This November, there are gems coming to New York. Among them, are “Two by Friel” byBrian Friel, the wondrous author of “Translations ,” “Dancing at Lugnasa” and many more memorable plays. Please go to Irish Rep for tickets.
Have you alreadygotten seats for “To Kill a Mockingbird?” Aaron Sorkin’s adaptation of Harper Lee’s iconic novel is directed by the brilliant Bartlett Sher at the Shubert. It promises to be a huge hit — now in previews.
If early Chinese immigrant history to the US interests you,do see “The Chinese Lady” by Lloyd Suhfrom Ma-Yi Theatre. It was previously performed at Barrington Stage, to terrific reviews.
More Asian-American theatre is on at The Public, where “Wild Goose Dreams” by Hansol Jung is playing , co-produced by La Jolla Theatre, after a successful run there.
Described as a masterful memoir is “The Tricky Part” by Michael Moran coming from Barrow Group. Perhaps you, too, may have missed this Obie Award winning piece, even after reading Brantley’s 2004 review.
Another solo show which promises to be worth seeing is “Natural Shocks” by Lauren Gunderson at WP Theater . I’m not familiar with Ms. Gunderson’s work, but she’s reputed to be the most produced playwright in America!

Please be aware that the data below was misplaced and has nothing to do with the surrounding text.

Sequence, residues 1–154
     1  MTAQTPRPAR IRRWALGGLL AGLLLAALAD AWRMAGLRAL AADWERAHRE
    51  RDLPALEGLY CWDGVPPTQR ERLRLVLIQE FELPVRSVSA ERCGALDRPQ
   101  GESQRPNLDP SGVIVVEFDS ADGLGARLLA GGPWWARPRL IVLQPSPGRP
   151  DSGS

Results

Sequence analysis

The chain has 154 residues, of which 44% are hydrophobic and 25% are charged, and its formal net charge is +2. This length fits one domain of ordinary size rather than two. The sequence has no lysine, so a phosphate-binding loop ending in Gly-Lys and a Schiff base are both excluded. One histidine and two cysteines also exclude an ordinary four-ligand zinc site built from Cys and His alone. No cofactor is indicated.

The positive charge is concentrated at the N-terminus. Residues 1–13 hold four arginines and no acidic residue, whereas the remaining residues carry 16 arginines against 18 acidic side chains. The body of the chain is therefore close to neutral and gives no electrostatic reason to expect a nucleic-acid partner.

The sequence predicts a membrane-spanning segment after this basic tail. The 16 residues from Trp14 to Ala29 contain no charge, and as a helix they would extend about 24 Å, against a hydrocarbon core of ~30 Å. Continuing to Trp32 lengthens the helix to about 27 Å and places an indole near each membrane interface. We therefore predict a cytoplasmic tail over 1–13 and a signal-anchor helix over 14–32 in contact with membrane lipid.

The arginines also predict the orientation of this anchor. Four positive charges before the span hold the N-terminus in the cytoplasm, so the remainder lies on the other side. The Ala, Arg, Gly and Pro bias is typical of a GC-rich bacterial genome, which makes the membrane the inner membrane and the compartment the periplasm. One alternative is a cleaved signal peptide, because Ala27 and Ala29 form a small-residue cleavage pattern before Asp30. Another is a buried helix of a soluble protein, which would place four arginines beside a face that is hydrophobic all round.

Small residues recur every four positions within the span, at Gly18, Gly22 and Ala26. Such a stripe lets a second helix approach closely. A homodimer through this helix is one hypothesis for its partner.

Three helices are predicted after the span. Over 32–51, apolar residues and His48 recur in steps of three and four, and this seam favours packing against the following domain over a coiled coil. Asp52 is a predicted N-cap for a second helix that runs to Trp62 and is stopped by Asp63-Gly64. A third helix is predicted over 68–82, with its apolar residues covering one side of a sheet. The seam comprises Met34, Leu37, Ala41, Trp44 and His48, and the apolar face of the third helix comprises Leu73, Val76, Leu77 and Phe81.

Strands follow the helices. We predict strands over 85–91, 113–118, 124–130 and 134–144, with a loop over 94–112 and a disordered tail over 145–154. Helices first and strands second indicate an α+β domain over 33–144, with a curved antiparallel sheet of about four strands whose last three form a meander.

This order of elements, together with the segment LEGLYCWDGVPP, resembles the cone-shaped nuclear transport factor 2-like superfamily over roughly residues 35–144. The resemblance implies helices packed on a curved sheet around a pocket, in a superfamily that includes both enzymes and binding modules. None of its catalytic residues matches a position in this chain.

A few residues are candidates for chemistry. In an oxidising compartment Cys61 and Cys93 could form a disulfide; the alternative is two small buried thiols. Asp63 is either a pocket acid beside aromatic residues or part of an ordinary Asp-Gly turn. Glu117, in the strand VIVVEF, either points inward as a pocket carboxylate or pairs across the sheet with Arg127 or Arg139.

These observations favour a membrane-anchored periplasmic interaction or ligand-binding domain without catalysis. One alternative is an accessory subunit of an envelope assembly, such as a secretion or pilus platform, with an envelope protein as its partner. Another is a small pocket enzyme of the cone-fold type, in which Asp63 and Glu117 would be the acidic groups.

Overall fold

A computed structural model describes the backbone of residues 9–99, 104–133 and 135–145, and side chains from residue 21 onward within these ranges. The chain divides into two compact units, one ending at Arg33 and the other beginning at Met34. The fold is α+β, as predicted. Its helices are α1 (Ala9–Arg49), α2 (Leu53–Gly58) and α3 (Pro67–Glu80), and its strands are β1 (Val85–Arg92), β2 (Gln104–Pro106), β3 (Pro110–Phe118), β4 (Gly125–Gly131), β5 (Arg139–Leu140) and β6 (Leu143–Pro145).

I just came back from a theatre filled trip to London — and, yet again, the scene there is just as varied ours: some good, some not so.
The stand outs for me were “The Inheritance,” recently moved to the West End; “Wise Children,” the much awaited first piece from Emma Rice’s new theatre company; “The Height of the Storm” by Florian Heller with the unforgettable Eileen Atkins and Jonathan Pryce.
Among those I anticipated highly, were some of my least favorite: “The Very, Very, Very Dark Matter”by Martin McDonagh; “The Wild Duck” adapted (wildly) from Ibsen. If you already have tickets please take a chance — especially since both got four-star reviews, as well as two.
Taking chances is what the theatre is about — both making it and buying tickets. This ephemeral art form couldn’t exist with the audience — so please, do take lots of chances, along with me.
See you at the theatre!
Carol Tambor publishes a monthly newsletter, which announces worthy shows coming to New York, along with occasional information about London theatre and, of course, the Edinburgh Fringe.